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Astron. Astrophys. 339, L73-L76 (1998)

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1. Introduction

HE 1104-1805 (the `Double Hamburger', [FORMULA]) is one of the brightest multiply imaged QSOs in the sky: Around discovery in 1993, its B band magnitudes were 16.7 and 18.6 for components A and B, respectively (Wisotzki et al. 1993). The gravitational lens nature is now firmly established, after the deflecting galaxy has been detected in the line of sight (Courbin et al. 1998; Remy et al. 1998, quoted as R98 in the following), but the lens redshift is still unknown. The strong [FORMULA] damped Ly[FORMULA] system in component A (Smette et al. 1995) may be an obvious candidate, but the observed properties do not agree well with this hypothesis (R98; Lopez et al. 1998).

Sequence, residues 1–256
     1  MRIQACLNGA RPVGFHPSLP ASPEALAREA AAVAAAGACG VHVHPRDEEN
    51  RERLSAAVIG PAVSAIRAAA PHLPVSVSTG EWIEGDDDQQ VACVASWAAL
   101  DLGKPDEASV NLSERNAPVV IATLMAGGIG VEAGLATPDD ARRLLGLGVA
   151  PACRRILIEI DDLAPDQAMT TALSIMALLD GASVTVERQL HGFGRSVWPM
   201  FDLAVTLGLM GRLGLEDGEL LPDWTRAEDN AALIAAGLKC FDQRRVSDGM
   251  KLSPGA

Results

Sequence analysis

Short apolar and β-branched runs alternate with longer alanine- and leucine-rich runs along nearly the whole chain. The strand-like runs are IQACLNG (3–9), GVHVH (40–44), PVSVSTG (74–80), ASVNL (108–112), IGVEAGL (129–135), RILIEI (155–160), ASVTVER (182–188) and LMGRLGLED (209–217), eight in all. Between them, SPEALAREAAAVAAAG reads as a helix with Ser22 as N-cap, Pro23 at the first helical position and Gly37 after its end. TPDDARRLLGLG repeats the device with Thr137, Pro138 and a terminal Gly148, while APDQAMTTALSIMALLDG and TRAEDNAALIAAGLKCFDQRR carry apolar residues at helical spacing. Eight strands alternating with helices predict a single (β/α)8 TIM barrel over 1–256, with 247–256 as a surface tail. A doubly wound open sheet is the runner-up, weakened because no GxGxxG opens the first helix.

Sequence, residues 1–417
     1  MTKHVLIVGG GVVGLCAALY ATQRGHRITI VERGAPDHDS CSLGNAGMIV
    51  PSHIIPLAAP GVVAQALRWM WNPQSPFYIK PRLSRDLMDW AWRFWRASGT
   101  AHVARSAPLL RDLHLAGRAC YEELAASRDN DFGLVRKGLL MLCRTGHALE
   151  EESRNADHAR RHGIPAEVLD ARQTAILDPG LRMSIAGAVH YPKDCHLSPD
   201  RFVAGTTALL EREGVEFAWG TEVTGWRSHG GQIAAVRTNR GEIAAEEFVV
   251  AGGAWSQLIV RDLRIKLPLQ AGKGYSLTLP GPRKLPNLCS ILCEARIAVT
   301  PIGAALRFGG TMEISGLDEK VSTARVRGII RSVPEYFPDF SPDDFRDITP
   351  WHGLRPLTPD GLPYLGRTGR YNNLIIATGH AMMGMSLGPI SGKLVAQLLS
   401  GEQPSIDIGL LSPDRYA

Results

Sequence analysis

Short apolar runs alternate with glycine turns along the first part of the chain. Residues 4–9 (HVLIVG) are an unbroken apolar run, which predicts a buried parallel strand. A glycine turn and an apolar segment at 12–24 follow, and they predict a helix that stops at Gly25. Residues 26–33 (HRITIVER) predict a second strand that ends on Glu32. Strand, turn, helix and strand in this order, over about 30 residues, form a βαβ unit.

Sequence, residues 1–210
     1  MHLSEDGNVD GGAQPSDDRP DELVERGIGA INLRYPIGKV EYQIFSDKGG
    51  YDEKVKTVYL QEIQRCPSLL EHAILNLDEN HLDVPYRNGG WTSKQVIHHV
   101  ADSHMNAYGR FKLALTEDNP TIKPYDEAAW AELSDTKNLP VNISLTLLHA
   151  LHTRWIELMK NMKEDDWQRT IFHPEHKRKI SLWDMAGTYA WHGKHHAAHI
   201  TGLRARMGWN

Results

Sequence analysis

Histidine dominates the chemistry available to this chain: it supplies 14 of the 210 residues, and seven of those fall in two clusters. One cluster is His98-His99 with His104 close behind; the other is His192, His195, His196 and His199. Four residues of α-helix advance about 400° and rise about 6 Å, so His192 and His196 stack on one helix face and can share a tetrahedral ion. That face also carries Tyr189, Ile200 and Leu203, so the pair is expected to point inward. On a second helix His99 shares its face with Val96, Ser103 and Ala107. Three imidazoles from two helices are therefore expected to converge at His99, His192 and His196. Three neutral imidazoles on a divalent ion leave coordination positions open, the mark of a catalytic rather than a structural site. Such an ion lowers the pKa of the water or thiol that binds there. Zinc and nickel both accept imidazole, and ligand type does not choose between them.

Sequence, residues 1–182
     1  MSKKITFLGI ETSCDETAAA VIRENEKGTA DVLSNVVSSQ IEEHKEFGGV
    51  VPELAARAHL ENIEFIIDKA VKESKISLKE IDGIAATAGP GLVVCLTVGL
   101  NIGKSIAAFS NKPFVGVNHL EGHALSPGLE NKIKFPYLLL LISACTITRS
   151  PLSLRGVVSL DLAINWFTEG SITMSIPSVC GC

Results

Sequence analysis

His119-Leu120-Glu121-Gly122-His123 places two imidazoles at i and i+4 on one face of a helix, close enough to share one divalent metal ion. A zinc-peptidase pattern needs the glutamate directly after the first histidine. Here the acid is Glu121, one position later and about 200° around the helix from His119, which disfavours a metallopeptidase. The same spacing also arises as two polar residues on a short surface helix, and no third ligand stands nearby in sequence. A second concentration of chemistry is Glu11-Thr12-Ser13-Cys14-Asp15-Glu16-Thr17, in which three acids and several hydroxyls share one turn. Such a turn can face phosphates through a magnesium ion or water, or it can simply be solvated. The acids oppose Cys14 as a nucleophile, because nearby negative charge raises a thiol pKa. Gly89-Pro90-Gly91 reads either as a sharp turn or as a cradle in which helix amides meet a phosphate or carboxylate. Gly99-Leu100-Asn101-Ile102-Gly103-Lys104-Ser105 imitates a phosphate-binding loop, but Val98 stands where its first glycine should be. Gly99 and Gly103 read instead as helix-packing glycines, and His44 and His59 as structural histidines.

Because of their brightness and the relatively large image separation of [FORMULA], photometry of the two components can be obtained under less than optimal circumstances, especially as HE 1104-1805 shows variability with considerable amplitude (Wisotzki et al. 1995). The system is therefore well-suited for systematic monitoring, with the ultimate aim to obtain the light travel time delay and to estimate the Hubble parameter. We have started with a spectrophotometric monitoring in early 1996, and including some earlier observations the time span covered is now five years. Here we present first results from this monitoring campaign, focused specifically on the issue of time delay estimation. Other aspects of the monitoring, in particular a comparison of continuum and emission line properties and the possible signatures of microlensing, will be dealt with in a future paper.

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© European Southern Observatory (ESO) 1998

Online publication: October 22, 1998